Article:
October Checklist

October is here, and normally that would mean football games and homecoming dances. COVIS-19 may have postponed these activities, but the college application season is in full swing.

Here’s an October checklist of things all high school students should be doing now to prepare for college. Continue reading “It’s October- What Should I Be Doing to Prepare for College?”

Let’s say you and a friend head to the library or a favorite coffee shop to spend a couple of hours working on college applications. Your friend pulls out her laptop, sips her coffee, and gets to work on the Activities section. Thirty minutes later, she has finished, and you have only listed two items and are struggling to remember more.

What’s the difference between the two of you?

Your friend kept an Activities List- a document that lists all of the activities she participated in throughout high school. Your friend simply printed the list, made a few notes, and then glanced at it as she typed items into her Common App.

You, on the other hand, have no such list. You sit and struggle to remember what you did your freshman year- three long years ago and are continually having to ask your friend what she remembers about YOUR past.

Having an activities and awards list can save you countless hours and help you create an accurate portrait of yourself on your college applications.

 
Know the Differences

There are many types of colleges and universities and it is important to know the differences when choosing the school that is best for you.

For starters, it is important to realize the difference between two-year and four-year colleges.

A two-year college is a community college or trade school. At a two-year college, students typically learn a specific trade or take general education courses that will transfer to a four-year college. Two-year colleges typically cost less than four-year colleges. Two-year college graduates earn an Associate Degree.

A four-year school is a traditional college or university. Students take general education courses as well as courses specific to their major. Four-year schools can be public or private. Students who graduate from a four-year school earn a Bachelor’s Degree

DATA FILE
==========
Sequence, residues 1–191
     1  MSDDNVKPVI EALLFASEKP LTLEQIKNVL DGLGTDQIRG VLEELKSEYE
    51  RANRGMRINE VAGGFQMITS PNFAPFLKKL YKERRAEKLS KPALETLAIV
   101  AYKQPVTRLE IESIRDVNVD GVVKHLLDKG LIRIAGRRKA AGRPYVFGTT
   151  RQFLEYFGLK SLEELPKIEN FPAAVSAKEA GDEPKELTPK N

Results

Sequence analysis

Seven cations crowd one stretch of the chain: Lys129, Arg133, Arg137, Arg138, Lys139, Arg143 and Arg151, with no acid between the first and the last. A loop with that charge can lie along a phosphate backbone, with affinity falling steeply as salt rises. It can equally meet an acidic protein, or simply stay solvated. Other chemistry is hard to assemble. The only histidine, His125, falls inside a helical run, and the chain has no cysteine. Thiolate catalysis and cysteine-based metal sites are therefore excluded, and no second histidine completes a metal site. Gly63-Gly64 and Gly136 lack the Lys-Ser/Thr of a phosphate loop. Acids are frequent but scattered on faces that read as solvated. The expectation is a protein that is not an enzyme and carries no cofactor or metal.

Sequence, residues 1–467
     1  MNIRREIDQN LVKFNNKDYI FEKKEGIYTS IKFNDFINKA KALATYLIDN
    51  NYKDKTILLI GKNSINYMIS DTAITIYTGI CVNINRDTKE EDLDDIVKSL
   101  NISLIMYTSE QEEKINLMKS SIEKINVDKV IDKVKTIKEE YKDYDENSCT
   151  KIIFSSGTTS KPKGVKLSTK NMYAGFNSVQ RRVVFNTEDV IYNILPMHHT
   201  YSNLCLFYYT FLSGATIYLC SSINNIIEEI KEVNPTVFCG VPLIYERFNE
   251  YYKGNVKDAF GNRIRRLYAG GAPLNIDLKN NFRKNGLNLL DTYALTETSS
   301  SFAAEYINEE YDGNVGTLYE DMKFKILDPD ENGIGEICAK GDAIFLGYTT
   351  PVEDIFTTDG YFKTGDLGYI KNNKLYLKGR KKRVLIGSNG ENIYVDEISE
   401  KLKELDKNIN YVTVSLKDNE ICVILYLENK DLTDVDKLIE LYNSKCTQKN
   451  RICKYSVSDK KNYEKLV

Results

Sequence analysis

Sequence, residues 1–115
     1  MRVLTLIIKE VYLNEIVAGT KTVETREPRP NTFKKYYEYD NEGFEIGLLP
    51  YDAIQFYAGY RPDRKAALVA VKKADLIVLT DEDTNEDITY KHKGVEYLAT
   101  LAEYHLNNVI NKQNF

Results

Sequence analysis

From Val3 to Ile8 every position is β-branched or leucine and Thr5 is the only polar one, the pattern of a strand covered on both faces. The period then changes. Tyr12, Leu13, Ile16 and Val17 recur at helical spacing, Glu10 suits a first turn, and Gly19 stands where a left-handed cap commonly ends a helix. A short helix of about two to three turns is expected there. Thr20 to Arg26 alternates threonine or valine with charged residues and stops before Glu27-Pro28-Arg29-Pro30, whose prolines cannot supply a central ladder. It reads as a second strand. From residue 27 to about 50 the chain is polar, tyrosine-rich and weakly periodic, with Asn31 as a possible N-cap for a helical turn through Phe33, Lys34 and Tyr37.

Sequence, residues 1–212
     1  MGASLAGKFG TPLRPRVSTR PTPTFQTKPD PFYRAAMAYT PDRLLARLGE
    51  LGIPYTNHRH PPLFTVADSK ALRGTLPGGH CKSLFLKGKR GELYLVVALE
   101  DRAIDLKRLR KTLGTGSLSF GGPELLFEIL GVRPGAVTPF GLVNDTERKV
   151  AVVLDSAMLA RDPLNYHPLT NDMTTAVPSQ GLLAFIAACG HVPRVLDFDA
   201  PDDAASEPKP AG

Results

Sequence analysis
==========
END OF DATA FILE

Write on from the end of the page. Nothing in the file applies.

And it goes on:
Continue reading “Something for Everyone- Types of Colleges”

September Checklist

It’s September, fall is in the air, SAT and ACT dates are set, and college application deadlines are fast approaching- even in a COVID world.

If you are a high school senior, September is the time to start college applications and think about your future. If you are junior, it’s time to think about potential colleges and what schools you may want to visit.

Here’s a list of things for all high school students to do in September: Continue reading “It’s September- What Should I Be Doing to Prepare for College?”

College Students

Questions to Ask Yourself When Choosing Where to Apply to College


It’s your Senior Year of high school, and it’s time to apply to college, but where? 

How do you choose the schools in which to apply? What will be the best fit? Where will you be the happiest and excel academically? 

For a few students, these are easy questions- they KNOW where they want to go and have had their eyes set on a particular college since they were in middle school. For most students, however, the choice is not so simple.

The best way to decide where to apply is to ask yourself the questions below and evaluate what is most important to YOU when choosing a college. Ideally, the college you select is where you are going to live for the next four years, so you want to be happy there.

By asking yourself these questions, you can get a good picture of your ideal school. Once you’ve done that, start applying! 

Time Matters


Time Management is an essential, yet often overlooked, factor in successfully applying to colleges and obtaining scholarships. Deadlines sneak up and details get missed- details that could mean the difference between acceptance and rejection.